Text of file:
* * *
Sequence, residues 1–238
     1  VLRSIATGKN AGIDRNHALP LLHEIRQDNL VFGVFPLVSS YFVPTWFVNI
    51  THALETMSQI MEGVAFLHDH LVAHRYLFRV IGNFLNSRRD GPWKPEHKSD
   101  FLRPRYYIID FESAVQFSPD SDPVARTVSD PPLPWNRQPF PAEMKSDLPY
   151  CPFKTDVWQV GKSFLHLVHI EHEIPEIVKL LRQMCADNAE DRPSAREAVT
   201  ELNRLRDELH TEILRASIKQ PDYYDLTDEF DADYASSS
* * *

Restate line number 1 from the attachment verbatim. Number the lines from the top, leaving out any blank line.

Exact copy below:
Sequence, residues 1–238